Geographical location of the existing evidence
Among the included studies, most systematic reviews provided evidence from the Latin America and Caribbean region (n=15); whereas, no impact evaluations originated from that region. Three of the included impact evaluations originated in South Asia, but the remaining four impact evaluations came from four different regions. The remaining systematic reviews reported evidence from the Sub-Saharan Africa region (n=12) followed by the East Asia and Pacific region (n=11). Some systematic reviews included studies from both high-income countries and LMICs, which we also included in the geographical distribution (figure 4).
Interventions focused on PHC policy and governance
The most frequent thematic area of interventions was workforce management (n=13; SR=12, IE=1),18–30 including decentralisation of health workforce, provision of financial incentives and career promotions to physicians, doctor–nurse substitution, consideration of lay health workers as health workforce, provision of training to lay health workers, and establishment of new medical schools (table 1). Community engagement was the second most prioritised area of intervention (n=7; IE=3, SR=4)27 31–36 followed by health system model (n=7; IE=1, SR=6).20 31 34 37–40 Two impact evaluations and four systematic reviews addressed workforce supervision as a part of the performance assessment of health workforce.33 41–45 A few systematic reviews focused on infrastructure, including purchasing of new equipment, establishment of new PHC facilities and improvement of existing infrastructure such as size and availability of consulting rooms and availability of required equipment.24 26 27 Interventions related to user fees were rare33 46; one study reported on setting lower fees for receiving PHC compared with that of secondary healthcare, and another focused on standardisation of user fees for purchasing medicines. A small number of reviews considered referral,26 user–provider communication,26 public–private partnership33 and contracting out.47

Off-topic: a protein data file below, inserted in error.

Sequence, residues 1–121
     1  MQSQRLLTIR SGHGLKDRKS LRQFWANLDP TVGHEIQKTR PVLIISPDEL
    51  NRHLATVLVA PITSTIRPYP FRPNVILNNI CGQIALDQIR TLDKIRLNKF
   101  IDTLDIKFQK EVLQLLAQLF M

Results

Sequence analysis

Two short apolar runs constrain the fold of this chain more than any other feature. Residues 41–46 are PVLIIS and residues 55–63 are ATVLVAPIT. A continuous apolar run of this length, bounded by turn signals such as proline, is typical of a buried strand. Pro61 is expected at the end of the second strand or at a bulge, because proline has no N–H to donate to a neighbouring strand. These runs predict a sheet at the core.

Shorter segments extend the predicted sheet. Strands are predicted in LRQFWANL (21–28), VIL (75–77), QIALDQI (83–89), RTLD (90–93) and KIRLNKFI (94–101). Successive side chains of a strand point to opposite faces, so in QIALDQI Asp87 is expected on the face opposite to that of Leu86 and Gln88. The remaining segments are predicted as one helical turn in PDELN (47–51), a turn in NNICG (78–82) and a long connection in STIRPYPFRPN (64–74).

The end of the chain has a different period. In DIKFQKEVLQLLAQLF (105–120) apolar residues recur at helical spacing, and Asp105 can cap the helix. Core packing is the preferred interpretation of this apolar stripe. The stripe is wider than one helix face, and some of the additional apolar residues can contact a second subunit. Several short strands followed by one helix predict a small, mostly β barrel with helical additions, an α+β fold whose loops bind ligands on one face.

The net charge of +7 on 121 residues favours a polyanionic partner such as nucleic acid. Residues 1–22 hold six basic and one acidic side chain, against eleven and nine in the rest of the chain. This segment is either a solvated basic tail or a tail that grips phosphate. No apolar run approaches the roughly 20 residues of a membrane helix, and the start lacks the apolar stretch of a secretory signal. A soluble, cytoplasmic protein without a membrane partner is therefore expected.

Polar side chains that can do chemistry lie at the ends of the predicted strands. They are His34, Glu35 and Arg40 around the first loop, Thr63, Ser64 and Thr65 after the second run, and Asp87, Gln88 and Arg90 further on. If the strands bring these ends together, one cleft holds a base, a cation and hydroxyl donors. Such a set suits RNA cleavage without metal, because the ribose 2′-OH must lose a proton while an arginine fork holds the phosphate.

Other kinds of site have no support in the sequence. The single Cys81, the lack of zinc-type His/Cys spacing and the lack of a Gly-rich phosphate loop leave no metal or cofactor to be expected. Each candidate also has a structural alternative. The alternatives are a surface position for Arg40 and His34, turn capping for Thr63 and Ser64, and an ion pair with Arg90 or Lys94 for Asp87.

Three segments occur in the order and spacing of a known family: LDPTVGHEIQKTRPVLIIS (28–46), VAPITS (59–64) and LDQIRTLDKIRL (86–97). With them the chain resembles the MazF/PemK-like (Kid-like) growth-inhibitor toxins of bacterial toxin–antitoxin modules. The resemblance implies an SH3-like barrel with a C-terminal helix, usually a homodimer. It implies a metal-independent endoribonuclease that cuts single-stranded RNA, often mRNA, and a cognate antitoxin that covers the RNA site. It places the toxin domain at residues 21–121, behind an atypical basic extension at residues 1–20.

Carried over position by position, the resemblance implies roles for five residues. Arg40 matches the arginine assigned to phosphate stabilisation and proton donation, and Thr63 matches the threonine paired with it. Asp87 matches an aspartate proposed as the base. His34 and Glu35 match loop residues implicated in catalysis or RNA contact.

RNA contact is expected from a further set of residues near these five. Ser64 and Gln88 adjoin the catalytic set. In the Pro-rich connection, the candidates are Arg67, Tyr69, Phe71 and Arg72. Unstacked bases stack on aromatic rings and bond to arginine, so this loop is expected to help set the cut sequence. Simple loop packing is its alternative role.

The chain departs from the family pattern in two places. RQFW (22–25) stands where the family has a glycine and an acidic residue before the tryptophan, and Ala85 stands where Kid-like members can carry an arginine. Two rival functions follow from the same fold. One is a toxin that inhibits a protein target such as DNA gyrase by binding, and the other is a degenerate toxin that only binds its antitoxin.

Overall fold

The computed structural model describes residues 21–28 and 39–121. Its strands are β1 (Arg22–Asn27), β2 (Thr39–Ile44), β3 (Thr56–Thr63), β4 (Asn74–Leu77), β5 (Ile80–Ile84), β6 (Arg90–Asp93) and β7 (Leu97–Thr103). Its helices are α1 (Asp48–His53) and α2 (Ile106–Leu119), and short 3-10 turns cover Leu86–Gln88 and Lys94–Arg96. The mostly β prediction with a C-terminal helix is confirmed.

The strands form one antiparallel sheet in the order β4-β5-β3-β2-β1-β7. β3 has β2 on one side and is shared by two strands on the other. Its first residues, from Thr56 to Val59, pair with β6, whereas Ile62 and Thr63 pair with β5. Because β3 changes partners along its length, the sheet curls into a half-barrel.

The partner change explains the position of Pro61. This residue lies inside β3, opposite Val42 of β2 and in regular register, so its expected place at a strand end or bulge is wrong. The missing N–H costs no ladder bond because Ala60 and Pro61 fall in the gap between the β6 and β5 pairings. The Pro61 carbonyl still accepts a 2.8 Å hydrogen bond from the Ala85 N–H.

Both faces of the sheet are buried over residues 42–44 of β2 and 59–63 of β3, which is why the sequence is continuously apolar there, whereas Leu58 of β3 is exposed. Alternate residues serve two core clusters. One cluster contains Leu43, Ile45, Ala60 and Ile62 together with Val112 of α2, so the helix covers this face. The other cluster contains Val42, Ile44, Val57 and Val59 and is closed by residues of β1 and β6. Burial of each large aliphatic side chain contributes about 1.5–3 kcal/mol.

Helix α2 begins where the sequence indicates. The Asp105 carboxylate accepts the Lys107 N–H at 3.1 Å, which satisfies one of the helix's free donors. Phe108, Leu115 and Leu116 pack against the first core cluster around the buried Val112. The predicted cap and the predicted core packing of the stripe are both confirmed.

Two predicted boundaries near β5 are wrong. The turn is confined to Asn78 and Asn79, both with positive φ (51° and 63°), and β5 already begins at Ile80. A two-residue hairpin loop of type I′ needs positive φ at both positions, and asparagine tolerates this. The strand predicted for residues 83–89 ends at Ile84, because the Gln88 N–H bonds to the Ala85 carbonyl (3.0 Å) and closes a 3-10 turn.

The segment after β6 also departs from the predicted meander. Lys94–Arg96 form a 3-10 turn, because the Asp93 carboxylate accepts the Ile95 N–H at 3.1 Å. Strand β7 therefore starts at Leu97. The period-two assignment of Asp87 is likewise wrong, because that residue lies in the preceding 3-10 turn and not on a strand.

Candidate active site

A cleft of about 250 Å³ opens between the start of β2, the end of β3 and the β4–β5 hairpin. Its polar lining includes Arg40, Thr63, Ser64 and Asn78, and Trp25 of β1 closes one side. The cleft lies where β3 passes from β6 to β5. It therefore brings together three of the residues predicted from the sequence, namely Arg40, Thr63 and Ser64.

Some systematic reviews lacked evidence demonstrating the broad impact of the interventions but focused instead on showing relevant outcomes in one or more specific areas.24 27 37 39 For example, a systematic review conducted in Brazil39 assessed the accessibility and quality of health service coverage in the PHC system. Another study reviewed the Iranian health system model, focusing on decentralisation.37 Another review focused on the relationship between health workforce performance and quality of care.19 Another study summarised an extensive review of PHC systems in South America27 focusing on decentralisation of administrative and fiscal issues and reformation of health systems.
Outcomes focused on PHC policy and governance
Examples of PHC service coverage, the most commonly measured outcome (n=18; 13 SR,22–25 27 33 38 39 41–43 46 47 5 IE30 35 44 45 48), included improved immunisation coverage, outcomes for selected infectious diseases, disease-screening coverage and healthcare coverage among the poor. Improved PHC service coverage ultimately resulted in improved health status. Seventeen studies (11 SR, 6 IE) highlighted quality of care as an outcome,19 21 26 28 31 32 34 35 38 39 41 43–45 47 48 focusing on reduction of child and neonatal mortality and morbidity, improvement in people-centred care and promotion of successful implementation of PHC. They also reported on PHC facilities with sufficient equipment, essential medicines and skilled health workforce, with improved health outcomes and with increased duration spent on direct patient care.
Evidence from nine systematic reviews19 20 26 27 31 32 38 40 47 and three impact evaluations30 35 48 showed that interventions focused on a suitable health system model, a contracting-out process, workforce management, infrastructure, intersectoral collaboration and community engagement could bring changes in access to healthcare. Eight systematic reviews18 20 22 24 26 28 29 41 and one impact evaluation34 assessed the availability of workforce as an outcome of specific interventions. Four studies identified health systems reform defined by decentralisation of workforce31 37 and infrastructure reform.20 40 Eight studies used compliance as an outcome,18 21–23 25 26 38 46 and two studies19 32 mentioned ‘accountability’ during the provision of healthcare.